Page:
As long as Windows 7 is available, supported, there is an easy way to install it and continue to use it, etc. sure, but this pattern of one OS that people like followed by one they don't doesn't seem to be sustainable or in any way a good idea at all. They really should fix this disconnect that they have with their customers so that when they release stuff it is in tune with what customers actually want and/or would be willing to use.

It will also be a very tough road ahead of them to pick up traction in the mobile space when they seem pretty clueless about how to go about doing all of this.
     
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Jul 1, 2013, 12:26 AM
 
Originally Posted by OreoCookie View Post
Two things:
(1) From a user perspective, I don't think the »docking solution« is the best solution. The problem is being solved much better by the cloud: lay down your tablet (without having to dock it with your computer), open the app in the desktop and continue working where you left off. All of this is possible today without having to fudge OSes. And what is more important, I think the cloud sync solution is actually better: you don't even need to bring your tablet along or you can leave it in your backpack.

Instead of focussing on merging OSes, companies should integrate the clouds better into their OSes (which is what they're doing), that's the correct strategy.
I agree with this as a means of data transport, but the docking premise would also ensure that the apps that you use and your environments/configs are similar. I suppose this too can be managed in the cloud, but when it comes to commercial apps like a Photoshop or something I'm not sure about whether storing those or making those downloadable in some way from the cloud will be an easy sell. What do you think? It's of course technically possible, but it will require a lot of cooperation and buy-in between companies. When it comes to media files there is also the question of storage, ownership, etc.

(2) Also from a developer's point of view, I don't think the effort will decrease substantially from where it is now. Look no further than some quality iOS iPhone and iOS iPad apps such as OmniFocus. Both use the same APIs and the same OS, right? The hardware is also mostly identical. And yet it took a substantial effort to make a good iPad version of OmniFocus. It's not a problem of code, but a problem of app concept: you have to completely rethink some apps in order to make them shine on a device. Unlike desktop OSes, you need to focus a lot on how an app works on such a small screen. The contrast between iOS apps and OS X apps is even more stark. This fundamental difference between the development targets will not disappear even if you could completely re-use the code.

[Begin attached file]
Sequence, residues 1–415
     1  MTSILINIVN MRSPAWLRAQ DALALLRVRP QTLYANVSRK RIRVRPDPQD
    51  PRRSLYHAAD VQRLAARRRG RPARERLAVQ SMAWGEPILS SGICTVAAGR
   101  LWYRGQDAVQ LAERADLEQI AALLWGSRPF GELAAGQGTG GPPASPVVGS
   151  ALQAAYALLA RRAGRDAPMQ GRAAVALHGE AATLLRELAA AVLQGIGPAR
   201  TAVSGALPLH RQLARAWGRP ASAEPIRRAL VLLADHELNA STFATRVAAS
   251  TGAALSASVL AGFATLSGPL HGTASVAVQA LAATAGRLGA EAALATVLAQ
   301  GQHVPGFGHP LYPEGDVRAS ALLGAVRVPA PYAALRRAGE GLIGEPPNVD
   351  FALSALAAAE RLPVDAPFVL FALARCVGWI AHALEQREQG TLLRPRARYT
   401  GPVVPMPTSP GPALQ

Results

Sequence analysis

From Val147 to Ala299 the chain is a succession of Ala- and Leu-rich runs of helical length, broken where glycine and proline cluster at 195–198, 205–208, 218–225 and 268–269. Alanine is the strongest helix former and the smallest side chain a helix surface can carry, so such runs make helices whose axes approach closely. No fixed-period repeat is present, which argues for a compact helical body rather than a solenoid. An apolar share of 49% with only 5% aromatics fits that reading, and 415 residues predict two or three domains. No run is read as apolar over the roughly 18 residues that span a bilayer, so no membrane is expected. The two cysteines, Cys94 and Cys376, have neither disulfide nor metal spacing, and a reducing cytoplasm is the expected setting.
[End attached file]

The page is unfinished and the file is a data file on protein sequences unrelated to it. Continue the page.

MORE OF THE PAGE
Well, for one, we are all still learning how to develop for mobile devices. Secondly, it depends on the nature of the app, but like I said to SH, there may be hours upon hours upon hours of work on the UI and making it work optimally on mobile devices to the point that a very substantial amount of development time is devoted to it, but at the end of all of this the sheer number of lines of code coming out of this is probably going to be relatively small. This means that going forward, it is going to be relatively easy to maintain the project. I realize that fewer lines of code doesn't necessarily guarantee simplicity, but it makes it easier to isolate and identify within a larger project.

As I said, I don't think creating the analog of »responsive (web) design« for the GUI is the way to go, I am convinced that it simply can't work if your goal is to create good apps. Otherwise it's like programming an iPhone app and just scaling it up for use on the iPad. It technically works, but does not yield a good user experience.
It would require more than simply miniaturization, that is definitely not what a good responsive web design entails, but it often seems to be its focal point. Because there are few really freaking awesome responsive web designs doesn't mean that the problem is with the premise of having a single app with multiple interfaces though, it could just mean that bad decisions were made about the UI and/or not enough time was spent polishing it.